Inspiring Youth Project of the Month: Running for Rhinos

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Though Earth Day has passed, May is a very special month to honor and protect all the incredible biodiversity we share this wonderful world with! With Endangered Species Day on May 20, International Day of Biodiversity on May 22 (plus World Otter Day on the 27th, and Leopard Day earlier this month) we wanted to highlight a project that focuses on protecting a very special endangered species, while getting out for some fresh air and exercise—it’s 🔗 Run for the Rhinos, out of Atlanta, Georgia! 

This Roots & Shoots project began when group members were Step 1: Inspired by these majestic, unique, and essential animals. There are five species of rhino including two species across Africa, and three in Asia, though many are endangered. Their interest in rhinos led them to research why they were endangered, and they learned that a major reason was because of their horns, which are often taken for the illegal wildlife trade in animal parts. When they shared these findings with friends and family, they Step 2: Observed that many people in their community didn’t know this, and that they didn’t know very much about this endangered species in general.  

They realized there was an easy way they could spread the word, help encourage people to take action to protect rhinos, and organize a fun event for their community—a mile-long fun-run fundraiser! They quickly Step 3: Took Action, looking for organizations that were providing on-the-ground support for these animals and working with the people who protect them, including wild veterinarians and park rangers. These young changemakers have even created a fun design for t-shirts they will sell at the fun-run, along with baked goods to tempt runners and their supporters!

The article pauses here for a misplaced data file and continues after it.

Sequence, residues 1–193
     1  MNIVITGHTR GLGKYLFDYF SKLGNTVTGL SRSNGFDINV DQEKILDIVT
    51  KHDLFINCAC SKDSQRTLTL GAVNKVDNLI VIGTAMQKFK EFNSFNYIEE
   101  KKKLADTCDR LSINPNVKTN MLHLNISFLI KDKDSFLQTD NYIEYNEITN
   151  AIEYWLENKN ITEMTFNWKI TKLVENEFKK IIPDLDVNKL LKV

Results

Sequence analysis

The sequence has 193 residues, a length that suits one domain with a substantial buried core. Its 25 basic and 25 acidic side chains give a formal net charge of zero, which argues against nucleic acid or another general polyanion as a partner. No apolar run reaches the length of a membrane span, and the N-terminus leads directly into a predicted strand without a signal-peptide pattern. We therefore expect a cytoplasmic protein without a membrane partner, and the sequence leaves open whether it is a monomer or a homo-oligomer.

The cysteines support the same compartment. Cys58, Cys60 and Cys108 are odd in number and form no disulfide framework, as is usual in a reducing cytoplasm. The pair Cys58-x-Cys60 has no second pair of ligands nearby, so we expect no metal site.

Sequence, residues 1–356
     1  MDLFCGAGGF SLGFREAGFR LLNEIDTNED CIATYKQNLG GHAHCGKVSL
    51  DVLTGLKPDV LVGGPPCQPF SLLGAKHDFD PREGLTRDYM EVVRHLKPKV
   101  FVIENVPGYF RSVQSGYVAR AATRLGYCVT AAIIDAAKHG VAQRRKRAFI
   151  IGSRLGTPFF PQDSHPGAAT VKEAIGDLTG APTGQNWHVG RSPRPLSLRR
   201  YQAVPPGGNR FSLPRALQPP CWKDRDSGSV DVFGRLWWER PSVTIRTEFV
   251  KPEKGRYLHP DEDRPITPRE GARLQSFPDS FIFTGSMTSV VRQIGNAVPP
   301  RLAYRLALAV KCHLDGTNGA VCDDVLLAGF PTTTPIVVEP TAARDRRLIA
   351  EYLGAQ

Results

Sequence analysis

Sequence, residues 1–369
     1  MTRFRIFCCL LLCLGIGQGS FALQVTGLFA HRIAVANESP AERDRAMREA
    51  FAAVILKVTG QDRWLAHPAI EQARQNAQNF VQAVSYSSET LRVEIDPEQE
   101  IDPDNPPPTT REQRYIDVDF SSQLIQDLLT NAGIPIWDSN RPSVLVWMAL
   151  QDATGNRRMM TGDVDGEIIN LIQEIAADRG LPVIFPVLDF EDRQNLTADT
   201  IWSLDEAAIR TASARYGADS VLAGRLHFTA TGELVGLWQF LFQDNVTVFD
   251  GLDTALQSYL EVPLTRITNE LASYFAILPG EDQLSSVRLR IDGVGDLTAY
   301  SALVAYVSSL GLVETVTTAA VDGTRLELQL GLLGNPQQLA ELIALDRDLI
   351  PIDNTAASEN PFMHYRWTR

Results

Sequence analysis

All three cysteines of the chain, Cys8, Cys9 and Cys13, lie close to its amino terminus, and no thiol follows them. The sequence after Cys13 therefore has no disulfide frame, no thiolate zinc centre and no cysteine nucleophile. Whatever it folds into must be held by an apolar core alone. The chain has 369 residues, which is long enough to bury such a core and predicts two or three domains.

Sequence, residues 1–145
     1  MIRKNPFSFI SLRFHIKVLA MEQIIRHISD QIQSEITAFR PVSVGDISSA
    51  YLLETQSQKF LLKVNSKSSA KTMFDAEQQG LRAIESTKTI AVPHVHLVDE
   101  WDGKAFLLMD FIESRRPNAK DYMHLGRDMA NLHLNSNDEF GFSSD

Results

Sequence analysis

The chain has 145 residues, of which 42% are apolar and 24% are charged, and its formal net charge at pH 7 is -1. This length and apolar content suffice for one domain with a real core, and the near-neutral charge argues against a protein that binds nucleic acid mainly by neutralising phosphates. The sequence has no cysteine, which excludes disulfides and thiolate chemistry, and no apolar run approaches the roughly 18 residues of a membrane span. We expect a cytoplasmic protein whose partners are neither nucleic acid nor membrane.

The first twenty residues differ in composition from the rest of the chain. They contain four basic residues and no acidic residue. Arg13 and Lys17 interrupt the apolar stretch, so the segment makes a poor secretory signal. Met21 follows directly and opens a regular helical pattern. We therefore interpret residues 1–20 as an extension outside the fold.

Protecting endangered species is difficult work, and bringing awareness to their endangered status can be upsetting. By organizing their advocacy around a fun event, this group moved the focus away from sadness and apathy, and towards hopeful action going forward. Plus, if enough people participate, one fun-run could become an annual tradition based in community action—what better way to bring everyone together than through a common goal? We can’t wait to see how they Step 4: Celebrate their success! 

INSPIRED TO START YOUR OWN PROJECT? WE GOT YOU. 

Once you’ve signed up as a member and come up with a project, be sure to register it on our website for a chance to be featured in a future project of the month! Not a Roots & Shoots member yet? You’re only a few clicks away! 

Not sure how to start a project? Use our 🔗 4-Step Formula to find ways to make an impact in YOUR community! Remember to invite your friends to help out, because even when we take small actions, they’re multiplied by collaboration. You can even create a Roots & Shoots group at your school, or join one already in your area! 

Looking for a simple way to help out? Here are some 1-click actions you can take to help endangered species! 

🔗 ForeverWild: Learn how to support positive wildlife content and protect species like rhinos from the illegal wildlife trade!  

🔗 Captive Animal Checklist: Next time you visit a zoo or wildlife park, use this checklist to make sure that where you’re visiting is humane and doesn’t exploit its residents.  

About Author

Kira is a Communications & Policy Assistant at the Jane Goodall Institute, where she supports the team in advancing public engagement with JGI's holistic programs. Kira graduated from Smith College in 2021, majoring in anthropology and minoring in art history, and during her time there she developed a deep interest in the field of anthrozoology. Her interests within this field are broad, and have led her to study elephant iconography in the U.S. and wildlife management in Tanzania. JGI's values and mission as well as the mindset of anthrozoology guide her work, exploring the interactions between humans and other animals in order to promote a healthier coexistence on this shared planet.